The IRS indicated in the preamble to the proposed regulations that the agency did not believe this was a proper interpretation of the IRC, but they planned to issue explicit regulations that would provide specifically that the insolvency test is applied at the deemed owner level (that is, Harry’s net worth of $1,000,000 would eliminate the use of the insolvency exception). Similarly, the bankruptcy exception would only apply if the owner was discharged from liability for the debt in bankruptcy—a discharge of the LLC in bankruptcy would not serve to trigger the rules.
Reg. §1.108-9(a) provides that neither a grantor trust nor a disregarded entity shall be treated as the “taxpayer” (that is, the party who may exclude the cancellation of income) for purposes of the insolvency or bankruptcy exclusions under IRC §108(a)(1)(A) and (B), nor the related provisions found at IRC §§108(d)(1), (2), (3) and (6).
The IRS also reiterates their position, found in Action on Decision 2015-01, that the taxpayer must actually file a bankruptcy petition for the bankruptcy discharge exclusion to count—that is, a discharge of the debt in a petition filed by the disregarded entity will not trigger this rule even if the court issues a specific discharge of the taxpayer’s own liability as part of the case. Note that this position is contrary to the Tax Court’s holding in the related cases of (Estate of Martinez v. Commissioner, T.C. Memo. 2004150, Gracia v. Commissioner, T.C. Memo. 2004147, Mirarchi v. Commissioner, T.C. Memo. 2004148; and Price v. Commissioner, T.C. Memo. 2004149)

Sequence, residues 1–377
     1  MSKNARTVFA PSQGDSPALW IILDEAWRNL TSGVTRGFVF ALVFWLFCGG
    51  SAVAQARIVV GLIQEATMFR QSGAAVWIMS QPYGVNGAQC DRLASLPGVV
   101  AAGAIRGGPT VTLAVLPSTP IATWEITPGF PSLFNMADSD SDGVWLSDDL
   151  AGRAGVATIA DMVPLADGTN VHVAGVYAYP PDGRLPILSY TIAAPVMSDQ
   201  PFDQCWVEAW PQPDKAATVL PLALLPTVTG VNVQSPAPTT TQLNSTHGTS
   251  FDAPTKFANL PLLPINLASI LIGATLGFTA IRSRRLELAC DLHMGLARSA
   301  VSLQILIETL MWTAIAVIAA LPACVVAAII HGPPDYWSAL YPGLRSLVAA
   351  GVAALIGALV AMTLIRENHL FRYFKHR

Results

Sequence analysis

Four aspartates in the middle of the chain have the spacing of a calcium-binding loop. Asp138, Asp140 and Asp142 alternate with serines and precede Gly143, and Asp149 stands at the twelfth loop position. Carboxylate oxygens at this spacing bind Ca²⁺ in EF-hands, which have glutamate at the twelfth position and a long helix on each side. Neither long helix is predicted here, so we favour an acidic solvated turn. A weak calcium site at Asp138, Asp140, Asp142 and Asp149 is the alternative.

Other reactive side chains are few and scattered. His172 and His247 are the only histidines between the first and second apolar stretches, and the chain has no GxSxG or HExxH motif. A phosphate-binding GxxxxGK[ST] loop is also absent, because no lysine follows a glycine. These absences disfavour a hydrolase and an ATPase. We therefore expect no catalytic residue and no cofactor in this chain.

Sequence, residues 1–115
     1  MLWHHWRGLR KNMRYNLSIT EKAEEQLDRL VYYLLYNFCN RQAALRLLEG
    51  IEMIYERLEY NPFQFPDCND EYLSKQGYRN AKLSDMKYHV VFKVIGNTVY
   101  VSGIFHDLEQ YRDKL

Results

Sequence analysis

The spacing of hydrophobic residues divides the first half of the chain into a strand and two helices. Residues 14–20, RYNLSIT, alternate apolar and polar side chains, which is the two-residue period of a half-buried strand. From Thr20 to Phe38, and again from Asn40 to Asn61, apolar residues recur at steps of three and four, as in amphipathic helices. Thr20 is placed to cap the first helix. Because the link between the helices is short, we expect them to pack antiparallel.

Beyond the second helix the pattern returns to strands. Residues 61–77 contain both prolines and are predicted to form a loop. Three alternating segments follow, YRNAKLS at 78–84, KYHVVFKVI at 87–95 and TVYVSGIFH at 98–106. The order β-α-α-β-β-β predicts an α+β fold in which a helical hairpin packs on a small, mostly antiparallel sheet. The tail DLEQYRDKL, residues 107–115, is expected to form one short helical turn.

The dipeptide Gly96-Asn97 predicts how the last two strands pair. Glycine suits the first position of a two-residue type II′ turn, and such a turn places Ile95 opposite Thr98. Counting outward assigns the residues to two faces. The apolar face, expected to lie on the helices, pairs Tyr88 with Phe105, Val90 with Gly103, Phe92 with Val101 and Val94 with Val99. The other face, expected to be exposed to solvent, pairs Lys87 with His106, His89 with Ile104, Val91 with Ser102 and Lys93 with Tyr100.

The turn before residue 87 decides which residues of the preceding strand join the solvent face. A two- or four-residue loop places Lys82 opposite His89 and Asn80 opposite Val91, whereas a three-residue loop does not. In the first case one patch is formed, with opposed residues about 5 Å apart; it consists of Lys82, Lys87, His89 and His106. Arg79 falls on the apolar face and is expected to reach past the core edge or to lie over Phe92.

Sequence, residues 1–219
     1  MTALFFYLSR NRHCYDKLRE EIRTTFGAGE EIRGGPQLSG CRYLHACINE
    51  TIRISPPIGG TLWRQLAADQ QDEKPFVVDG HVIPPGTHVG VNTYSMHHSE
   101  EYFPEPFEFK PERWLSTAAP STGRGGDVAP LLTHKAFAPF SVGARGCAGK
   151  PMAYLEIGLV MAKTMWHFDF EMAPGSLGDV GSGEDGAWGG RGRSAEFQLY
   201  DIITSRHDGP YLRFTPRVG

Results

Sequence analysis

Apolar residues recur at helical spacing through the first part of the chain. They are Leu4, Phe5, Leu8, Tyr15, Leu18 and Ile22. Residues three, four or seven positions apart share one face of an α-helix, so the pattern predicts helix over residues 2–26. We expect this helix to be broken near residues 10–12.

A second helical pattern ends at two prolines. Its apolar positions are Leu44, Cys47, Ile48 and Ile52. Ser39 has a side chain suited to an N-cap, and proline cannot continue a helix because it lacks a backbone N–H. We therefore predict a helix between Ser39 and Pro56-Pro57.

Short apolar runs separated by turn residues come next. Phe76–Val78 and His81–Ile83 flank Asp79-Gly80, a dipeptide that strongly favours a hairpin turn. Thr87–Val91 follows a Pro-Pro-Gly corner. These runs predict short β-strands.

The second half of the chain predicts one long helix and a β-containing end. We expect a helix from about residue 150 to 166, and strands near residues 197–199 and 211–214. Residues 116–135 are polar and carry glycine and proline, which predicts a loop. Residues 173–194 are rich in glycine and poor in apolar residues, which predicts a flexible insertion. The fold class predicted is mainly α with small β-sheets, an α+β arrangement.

Specifically, Regulation §1.108-9(a)(2) provides (note the last sentence):
If indebtedness of a grantor trust or a disregarded entity is discharged in a title 11 case, section 108(a)(1)(A) applies to that discharged indebtedness only if the owner of the grantor trust or the owner of the disregarded entity is under the jurisdiction of the court in a title 11 case as the title 11 debtor. If the grantor trust or the disregarded entity is under the jurisdiction of the court in a title 11 case as the title 11 debtor, but the owner of the grantor trust or the owner of the disregarded entity is not, section 108(a)(1)(A) does not apply to the discharge of indebtedness income.